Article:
Artificial fairness isn't really fair, and fighting discrimination with yet more discrimination isn't logical. If a person is interested in computer science (or any other field), they should be supported and encouraged with no qualification.

Hi, this is an opinion of my own and i am only speaking on my own behalf...

I'm part of something amazing that is certainly NOT a pink corral. So I cannot tolerate such levels of ignorance from a white man, who talks about diversity and ... who screams "exclusionary" just because they think they are ENTITLED to every benefit. Especially when what we do is an awesome way to empower minorities and help them become part of an entire ecosystem.

We are working hard and collaborating shoulder to shoulder with great people, regardless of gender to teach and encourage under represented minorities. If resources and opportunities were really equal for everyone we wouldn't need to solely focus on a single target, but oh do we include everyone in our efforts to bring these women and those who identify as such together and help them with what we can do best in our areas of expertise. So yes, it irks me that someone who is supposedly a lecturer and daring to talk diversity come up with such a narrow minded comment, like are you going to criticise admirable work of inclusion from the comfort of your sofa or are you at least going to make the effort of being informed. It frustrates me but some men are so hard headed and in need of having their last word, or just have their ego filled with being part of everything!

Even those who believe that sitting with women makes them super deconstructed. For me there was never a difference... But some people make it so much harder... So, yes... I do not tolerate mansplaining.

Apart from all this, we all have the right to have our own spaces, and what's wrong about it? Do you have to be everywhere?

Perry, it sounds as if your department is doing very much the same thing that you decry: "The department sponsors several woman-specific clubs and programs". Sounds like you're not on board with your department's values, which is not my business. It also, however, sounds as if you disagree with the value of programs such as those your own department sponsors as well as ours, which is my business. So let me just respond, and then I'm going to get out of this pigpen, because I have a lot more important things to do, like organizing about 10 events in the next couple of months and traveling to do some incredible things with my sister Vixen in Argentina, who responded above.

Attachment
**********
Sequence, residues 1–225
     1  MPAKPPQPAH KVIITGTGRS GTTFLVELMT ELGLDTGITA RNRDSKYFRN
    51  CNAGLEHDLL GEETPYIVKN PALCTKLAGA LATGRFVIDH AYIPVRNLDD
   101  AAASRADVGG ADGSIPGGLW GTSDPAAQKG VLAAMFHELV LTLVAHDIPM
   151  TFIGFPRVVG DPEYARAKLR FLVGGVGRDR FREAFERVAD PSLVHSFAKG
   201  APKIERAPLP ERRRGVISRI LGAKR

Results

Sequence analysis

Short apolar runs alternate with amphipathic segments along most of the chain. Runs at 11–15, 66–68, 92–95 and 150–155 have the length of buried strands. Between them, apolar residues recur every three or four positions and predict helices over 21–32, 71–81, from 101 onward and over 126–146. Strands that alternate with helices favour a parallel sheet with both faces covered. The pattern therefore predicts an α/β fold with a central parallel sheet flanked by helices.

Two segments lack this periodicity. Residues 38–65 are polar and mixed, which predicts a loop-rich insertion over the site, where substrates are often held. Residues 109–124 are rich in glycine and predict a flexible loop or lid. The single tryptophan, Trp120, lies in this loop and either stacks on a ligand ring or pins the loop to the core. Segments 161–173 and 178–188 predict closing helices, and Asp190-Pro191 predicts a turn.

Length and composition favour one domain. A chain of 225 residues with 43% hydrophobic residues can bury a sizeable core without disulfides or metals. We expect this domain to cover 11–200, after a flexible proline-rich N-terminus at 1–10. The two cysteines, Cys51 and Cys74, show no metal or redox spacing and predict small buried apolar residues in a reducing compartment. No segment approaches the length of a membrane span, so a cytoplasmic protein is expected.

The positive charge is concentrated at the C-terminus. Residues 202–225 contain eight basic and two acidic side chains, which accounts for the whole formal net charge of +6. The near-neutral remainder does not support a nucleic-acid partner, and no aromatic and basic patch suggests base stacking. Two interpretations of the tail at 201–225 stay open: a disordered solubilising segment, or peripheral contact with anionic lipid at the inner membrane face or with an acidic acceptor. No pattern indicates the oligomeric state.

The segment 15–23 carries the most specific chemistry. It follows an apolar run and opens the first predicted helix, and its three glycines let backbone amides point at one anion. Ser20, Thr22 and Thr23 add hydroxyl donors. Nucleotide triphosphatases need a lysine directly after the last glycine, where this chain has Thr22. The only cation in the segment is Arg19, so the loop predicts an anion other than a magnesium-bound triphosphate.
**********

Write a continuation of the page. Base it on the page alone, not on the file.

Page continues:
I'm not very interested in having my own program mansplained back to me, so let me just mention that if you look more closely, we are interested in education for women and people who identify as such, and we are happy to have the help of mentors from all walks of life who are TRULY interested in doing something about the abysmal percentages of women in the industry. Perhaps you might become such a mentor?

This is not about special treatment. This is about welcoming new voices who very often don't feel heard or welcomed. You quote great numbers from BU for introductory classes. That's fabulous. But what about your higher level CS classes? What are you doing to ensure that attrition doesn't happen because of underlying attitudes such as those we meet EVERY DAY in this industry? How many women graduate from such a program? And do you have any idea how many women drop out mid-career because they've simply had enough?

We do. We are here in the trenches (not in the academy) mentoring women who are trying to start out (fixing the pipeline) and making sure to mentor mid-career women who face significant challenges in their careers as they attempt to progress. We are in the business of making changes, not throwing obstacles in peoples' paths. Can you say that you do the same?

Thank you, that's all that I'm going to say. Perhaps I'll see you in a Boston meetup where we can meet face to face. Or perhaps you'd like to attend a conference talk, I give many worldwide on bleeding edge tech, as do many of our Vixens.


Whether or not Perry is making a valid point, you are twisting his words to make him seem against the promotion of women in tech. I think his point is that there are better ways of increasing fairness and equality then creating systems that are exclusionary by gender. Instead of creating systems that exclude by gender like your own, create systems that allow both women and men. For example, create support groups for people entering the tech-industry especially vue with a specific aim at supporting all groups of people. This means that if a white straight male feels left out, you accept them, if a black gay women feels left out you support them.

Men crying feeling left out and mansplaining women! - besito & bye